Pigeon English (2011) by Stephen Kelman
Harrison Opoku, an 11-year-old boy whose family have recently arrived in England from his native Ghana, is the narrator of this sad and funny hybrid of a coming-of-age tale and and a murder mystery. At the beginning of the book, a boy Harri vaguely knows is stabbed and killed, and he and his friend Dean set out to catch the murderer. Their mission forms the backdrop for Harri's lengthy observations on life in England: the social hierarchy of his school, a first crush on classmate Poppy, home life with his mum and sister in a London tower block, and his terror and admiration of a local gang - the Dell Farm Crew - who rule the surrounding estate. The title has a dual meaning - it refers to Harri's 'pidgin' English, peppered with schoolboy slang and misunderstood words, but also to the pigeon who visits Harri on his balcony, a creature he sees as his friend. The pigeon also serves as a second narrator, in brief interjections which add an intriguing (if ultimately disappointing) edge, suggesting that the bird is somehow watching over and protecting Harri.
Harri is a beguiling and very funny narrator, and Kelman has done a brilliant job of creating an entertaining narrative voice that's also thoroughly believable as that of an 11-year-old boy. So authentic is Harri's narration that I was quite surprised to learn that Kelman is white and British, though not at all surprised that he apparently grew up poor. The book practically exudes a particular kind of masochistic working-class nostalgia, and the setting and its details jump off the page. The story captures perfectly the wonders of childhood and innocence, even in such a bleak environment, in a way that made me remarkably nostalgic for my own schooldays. It's by turns endearing and scary in its depiction of how quickly the children of today are forced (and expected?) to grow up.
The problem with authentic-sounding child narrators is that, after a while, they become exhausting and a little annoying (just as you'd get fed up if you had to listen to a child telling the equivalent of a 300-page story, complete with random and irrelevant diversions). I did find Harri tremendously engaging as a character, and laughed out loud at his observations - especially about school - and misinterpretations on a frequent basis. But I thought the story would have been so much better if a variety of viewpoints had been used: if, as well as Harri, we'd been able to hear from his mother, some of the older gang members, Lydia and Miquita, one of the teachers, the police, even the murdered boy. The contributions we hear from 'the piegon' are very well-crafted, so Kelman obviously has the ability to pull this off. There are so many fascinating characters in the book, all of whom undoubtedly would be able to cast a very different light on its events, and it seems a shame to confine the narration to one young character. Harri's naivety and optimism is an effective filter for the brutal circumstances that surround him, but this only works up to a point before it limits the story and becomes quite frustrating. I kept thinking of Simon Lelic's Rupture, which used multiple narrators to explore the issues surrounding a similarly shocking event - a school shooting - with far more effective results.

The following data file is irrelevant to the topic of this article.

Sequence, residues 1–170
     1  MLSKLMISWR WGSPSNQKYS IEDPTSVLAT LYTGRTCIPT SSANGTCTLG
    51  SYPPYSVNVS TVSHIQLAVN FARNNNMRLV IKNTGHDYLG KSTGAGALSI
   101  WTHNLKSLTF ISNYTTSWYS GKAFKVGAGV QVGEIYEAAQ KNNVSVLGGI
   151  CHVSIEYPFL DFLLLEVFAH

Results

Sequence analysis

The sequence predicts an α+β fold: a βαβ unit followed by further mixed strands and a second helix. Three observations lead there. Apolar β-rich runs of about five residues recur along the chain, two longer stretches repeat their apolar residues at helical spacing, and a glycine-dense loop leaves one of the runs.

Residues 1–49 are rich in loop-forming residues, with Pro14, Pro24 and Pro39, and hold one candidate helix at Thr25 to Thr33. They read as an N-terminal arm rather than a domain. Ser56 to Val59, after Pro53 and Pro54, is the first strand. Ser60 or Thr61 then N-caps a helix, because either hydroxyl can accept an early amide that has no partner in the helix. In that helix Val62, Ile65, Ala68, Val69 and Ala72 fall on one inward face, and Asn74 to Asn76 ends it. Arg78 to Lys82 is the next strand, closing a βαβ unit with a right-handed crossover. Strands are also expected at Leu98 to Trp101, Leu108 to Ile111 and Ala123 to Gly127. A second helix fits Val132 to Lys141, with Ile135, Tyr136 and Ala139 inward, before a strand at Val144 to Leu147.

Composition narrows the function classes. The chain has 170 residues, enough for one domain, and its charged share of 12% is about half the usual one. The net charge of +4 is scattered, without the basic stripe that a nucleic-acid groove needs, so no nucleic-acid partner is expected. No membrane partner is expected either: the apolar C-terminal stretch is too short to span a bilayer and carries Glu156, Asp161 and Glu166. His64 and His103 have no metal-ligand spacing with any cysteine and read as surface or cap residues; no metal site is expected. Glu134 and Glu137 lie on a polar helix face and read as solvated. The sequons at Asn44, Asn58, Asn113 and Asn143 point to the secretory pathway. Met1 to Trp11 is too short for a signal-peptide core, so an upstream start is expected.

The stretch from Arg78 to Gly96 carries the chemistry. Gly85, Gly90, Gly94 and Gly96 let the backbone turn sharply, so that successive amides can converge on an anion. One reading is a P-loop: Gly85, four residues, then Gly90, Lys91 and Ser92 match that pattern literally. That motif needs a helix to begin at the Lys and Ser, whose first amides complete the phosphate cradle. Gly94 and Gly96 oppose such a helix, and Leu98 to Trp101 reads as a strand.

The ending is also problematic. Without giving away what happens, it's very blunt, unsatisfying and somewhat anticlimactic following the gradual building of tension throughout the prior chapters. I can understand why the author chose to end the book like this, but I felt cheated more than shocked (and I presume the latter was the intended reaction). I also felt the central mystery, initially introduced as the linchpin of the plot, was never satisfactorily resolved and the abrupt change of direction felt like the author was dodging the responsibility of having to deal with this.
In the end, this is a beautifully crafted and convincing narrative which unfortunately feels incomplete without another voice, another perspective, or a properly conclusive ending. Kelman has done enough here that I am pretty certain I will be interested in his future work, but Pigeon English feels like exactly what it is: the debut novel of a young author. I can understand why some complained about this (among others) being on the Booker Prize shortlist, because honestly, it's not on that level at all - although the author may be, someday.